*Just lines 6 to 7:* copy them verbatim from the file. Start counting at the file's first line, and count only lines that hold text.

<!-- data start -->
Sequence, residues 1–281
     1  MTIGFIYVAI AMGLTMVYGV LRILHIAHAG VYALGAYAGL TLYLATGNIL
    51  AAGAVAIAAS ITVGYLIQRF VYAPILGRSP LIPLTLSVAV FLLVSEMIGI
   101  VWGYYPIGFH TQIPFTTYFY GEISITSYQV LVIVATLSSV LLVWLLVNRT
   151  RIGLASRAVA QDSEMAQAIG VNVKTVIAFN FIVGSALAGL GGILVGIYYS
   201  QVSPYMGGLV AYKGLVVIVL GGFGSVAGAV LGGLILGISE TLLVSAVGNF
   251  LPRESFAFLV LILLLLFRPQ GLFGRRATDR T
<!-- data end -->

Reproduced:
   201  QVSPYMGGLV AYKGLVVIVL GGFGSVAGAV LGGLILGISE TLLVSAVGNF
   251  LPRESFAFLV LILLLLFRPQ GLFGRRATDR T